How to Write a Research Paper for MBA Studies

Students pull research from books, interviews and archives.

How well you have learned to research and how effective a communicator you are will be tested several times before you complete your Master of Business Administration. The MBA program is designed to teach you how to use business theories and apply them to real world situations. These theories are also methods of understanding real world situations, such as economic instability and supply and demand. Before you complete the MBA degree program, you will be expected to put your research and writing skills to test in your final research paper.

Choose a topic that you are passionate about. Pull from everything that you’ve studied thus far. Choose subjects with multiple viewpoints and theories such as workplace inequality or factors that impact the global economy.

Write your thesis statement. Your thesis statement explains the intent of your paper or what you set out to prove or disprove. To find a thesis based on your chosen subject, challenge a misconception, connect to unlike scenarios, take a theme from a classic research paper and reframe it with today’s social, cultural and technological standards.

Make a list of potential research questions, such as "What are the financial implications of workplace inequality?" Set objectives for your research as to what sources you can use to prove your thesis. Write a tentative outline of subjects you will cover.

Define your audience. Write for an audience that is bigger than your professor. Describe to yourself the audience that can benefit from the information that you will explain in your research paper. Use this as your standard for evaluating your research and writing. Your professors will judge you by this standard.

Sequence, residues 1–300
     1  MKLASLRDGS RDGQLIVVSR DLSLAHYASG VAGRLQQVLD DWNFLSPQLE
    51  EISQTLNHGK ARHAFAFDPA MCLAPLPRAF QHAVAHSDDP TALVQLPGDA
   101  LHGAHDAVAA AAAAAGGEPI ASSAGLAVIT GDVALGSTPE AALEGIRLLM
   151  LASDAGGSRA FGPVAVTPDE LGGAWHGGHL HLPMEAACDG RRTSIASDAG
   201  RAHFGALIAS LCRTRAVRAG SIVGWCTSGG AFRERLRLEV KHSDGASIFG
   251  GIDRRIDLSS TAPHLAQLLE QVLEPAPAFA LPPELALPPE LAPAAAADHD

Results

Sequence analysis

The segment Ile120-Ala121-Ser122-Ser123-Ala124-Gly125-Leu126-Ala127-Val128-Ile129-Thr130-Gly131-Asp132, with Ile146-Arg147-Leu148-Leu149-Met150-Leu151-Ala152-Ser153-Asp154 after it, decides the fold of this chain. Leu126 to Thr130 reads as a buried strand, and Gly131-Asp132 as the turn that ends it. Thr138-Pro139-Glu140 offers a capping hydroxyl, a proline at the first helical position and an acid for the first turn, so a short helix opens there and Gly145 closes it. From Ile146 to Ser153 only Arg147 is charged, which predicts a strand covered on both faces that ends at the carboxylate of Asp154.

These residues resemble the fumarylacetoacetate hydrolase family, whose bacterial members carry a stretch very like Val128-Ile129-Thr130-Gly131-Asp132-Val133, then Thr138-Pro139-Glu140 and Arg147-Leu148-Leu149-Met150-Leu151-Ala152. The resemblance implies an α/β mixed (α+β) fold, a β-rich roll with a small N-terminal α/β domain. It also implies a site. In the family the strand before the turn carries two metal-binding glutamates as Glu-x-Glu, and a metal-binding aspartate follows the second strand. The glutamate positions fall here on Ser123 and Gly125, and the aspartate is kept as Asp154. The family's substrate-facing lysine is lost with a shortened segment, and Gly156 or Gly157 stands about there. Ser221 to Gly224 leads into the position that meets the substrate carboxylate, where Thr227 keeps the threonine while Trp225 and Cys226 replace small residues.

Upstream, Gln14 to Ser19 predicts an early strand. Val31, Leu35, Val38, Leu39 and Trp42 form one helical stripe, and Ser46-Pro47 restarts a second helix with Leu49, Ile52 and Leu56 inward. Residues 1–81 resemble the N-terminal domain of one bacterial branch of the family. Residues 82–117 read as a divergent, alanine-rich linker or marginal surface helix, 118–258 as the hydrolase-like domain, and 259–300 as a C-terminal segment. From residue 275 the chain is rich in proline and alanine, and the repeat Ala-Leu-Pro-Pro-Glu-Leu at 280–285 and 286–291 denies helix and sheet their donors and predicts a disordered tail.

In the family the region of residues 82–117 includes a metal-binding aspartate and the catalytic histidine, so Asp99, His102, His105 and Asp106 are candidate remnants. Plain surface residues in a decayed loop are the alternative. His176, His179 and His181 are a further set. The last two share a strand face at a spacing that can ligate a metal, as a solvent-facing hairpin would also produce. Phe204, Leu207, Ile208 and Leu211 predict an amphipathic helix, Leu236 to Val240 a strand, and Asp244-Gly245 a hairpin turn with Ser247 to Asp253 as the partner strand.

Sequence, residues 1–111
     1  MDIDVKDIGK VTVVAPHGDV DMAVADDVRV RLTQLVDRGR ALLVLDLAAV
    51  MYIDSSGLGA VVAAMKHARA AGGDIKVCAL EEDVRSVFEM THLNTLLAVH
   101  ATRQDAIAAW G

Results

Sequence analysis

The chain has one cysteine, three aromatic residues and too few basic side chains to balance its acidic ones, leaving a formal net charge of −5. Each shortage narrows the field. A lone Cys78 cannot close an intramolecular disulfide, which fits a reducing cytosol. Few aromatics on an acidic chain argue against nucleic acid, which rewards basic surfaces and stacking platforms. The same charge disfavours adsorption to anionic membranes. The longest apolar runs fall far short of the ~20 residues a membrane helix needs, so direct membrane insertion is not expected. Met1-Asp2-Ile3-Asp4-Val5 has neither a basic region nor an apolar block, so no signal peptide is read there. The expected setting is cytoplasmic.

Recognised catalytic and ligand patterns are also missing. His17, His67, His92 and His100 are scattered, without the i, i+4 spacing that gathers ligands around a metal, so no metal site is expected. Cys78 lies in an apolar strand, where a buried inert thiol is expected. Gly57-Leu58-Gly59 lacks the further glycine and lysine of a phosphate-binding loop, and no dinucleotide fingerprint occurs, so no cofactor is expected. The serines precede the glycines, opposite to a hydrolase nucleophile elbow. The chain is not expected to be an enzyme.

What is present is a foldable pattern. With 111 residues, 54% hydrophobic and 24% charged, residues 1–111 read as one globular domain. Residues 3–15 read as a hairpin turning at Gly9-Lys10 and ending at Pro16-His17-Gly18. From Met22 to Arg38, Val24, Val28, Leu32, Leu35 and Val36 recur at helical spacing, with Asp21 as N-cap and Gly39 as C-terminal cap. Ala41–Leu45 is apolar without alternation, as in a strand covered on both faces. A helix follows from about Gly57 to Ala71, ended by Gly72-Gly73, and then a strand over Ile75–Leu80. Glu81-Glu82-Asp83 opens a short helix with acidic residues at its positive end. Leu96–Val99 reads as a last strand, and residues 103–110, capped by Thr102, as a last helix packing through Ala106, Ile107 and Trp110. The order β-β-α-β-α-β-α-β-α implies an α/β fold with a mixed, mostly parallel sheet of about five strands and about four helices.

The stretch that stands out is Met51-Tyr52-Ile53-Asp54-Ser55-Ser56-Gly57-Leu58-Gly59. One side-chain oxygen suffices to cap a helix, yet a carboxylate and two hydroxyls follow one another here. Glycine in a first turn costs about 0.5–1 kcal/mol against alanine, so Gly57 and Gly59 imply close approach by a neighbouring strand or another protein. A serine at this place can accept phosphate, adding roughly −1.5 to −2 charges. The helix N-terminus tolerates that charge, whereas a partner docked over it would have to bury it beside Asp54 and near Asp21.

Consult with experts who can give you feedback and direction on where to look for research and answers. Send emails to other professors, economic and financial writers, and members of financial think tanks. Explain what you are working on. Not everyone will respond, but you will acquire invaluable information from those who do. Look for their email addresses in their published bylines.

Spend time in the research libraries. Bring index cards and notebooks. Take notes from the materials that you can’t remove from the libraries. Check out the books that you can check out.

Create a new outline based on the new research you have uncovered. Organize your index cards based on your new research.

Write out your ideas into full paragraphs. Write the body, method and results. In the book, “How to Write Your MBA Thesis," Stephanie Jones writes “It should follow a specific methodology, either quantitative or qualitative, and this decision will dictate much of the language used and way findings are presented.”

Write the introduction. In the book, “More Bucks Annually” Ken Wong says that the questions you should ask and answer in your introduction include “What methodological approach did you take and why? Which particular data collection techniques and methods did you finally select? How have you analysed and interpreted the data? Do your findings support or refute a particular argument or theory?”

Write your conclusion. Explain how your research supports or refutes your original thesis. Attach any interesting research that you’ve uncovered that doesn’t fit into the paper into an attachment to serve as the appendices.

Edit and proofread your research paper. Prepare the final draft by creating a title page, table of contents and appendices, and bibliography. Your teacher will give you guidelines for your bibliography and how to cite your sources.

  • 1 “Writing Your MBA Dissertation”; Brian White; 2002

Sam Williams has been a marketing specialist and ad writer since 1995. He has been published in magazines such as "Reaching Out" and "Spa Search." He served in various sales and marketing positions with major corporations such as American Express, Home Depot and Wells Fargo. Williams studied English at Morehouse College.